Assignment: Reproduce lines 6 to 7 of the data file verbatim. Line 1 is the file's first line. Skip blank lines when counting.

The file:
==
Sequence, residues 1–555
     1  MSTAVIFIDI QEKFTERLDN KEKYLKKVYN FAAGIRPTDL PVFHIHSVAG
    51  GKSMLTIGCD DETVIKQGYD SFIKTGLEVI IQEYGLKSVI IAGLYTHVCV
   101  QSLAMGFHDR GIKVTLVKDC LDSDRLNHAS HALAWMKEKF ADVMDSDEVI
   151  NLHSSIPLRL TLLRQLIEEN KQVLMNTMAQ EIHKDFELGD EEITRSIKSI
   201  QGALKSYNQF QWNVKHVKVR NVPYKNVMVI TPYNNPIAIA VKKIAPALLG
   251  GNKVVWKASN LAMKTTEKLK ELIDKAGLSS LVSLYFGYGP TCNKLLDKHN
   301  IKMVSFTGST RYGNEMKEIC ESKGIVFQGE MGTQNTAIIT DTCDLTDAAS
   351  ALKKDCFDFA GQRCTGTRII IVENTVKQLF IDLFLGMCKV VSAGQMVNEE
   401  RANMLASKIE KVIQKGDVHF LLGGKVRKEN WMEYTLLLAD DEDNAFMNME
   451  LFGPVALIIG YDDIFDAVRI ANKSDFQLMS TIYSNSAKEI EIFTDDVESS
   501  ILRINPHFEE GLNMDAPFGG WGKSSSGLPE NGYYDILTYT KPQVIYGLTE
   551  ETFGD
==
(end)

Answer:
   201  QGALKSYNQF QWNVKHVKVR NVPYKNVMVI TPYNNPIAIA VKKIAPALLG
   251  GNKVVWKASN LAMKTTEKLK ELIDKAGLSS LVSLYFGYGP TCNKLLDKHN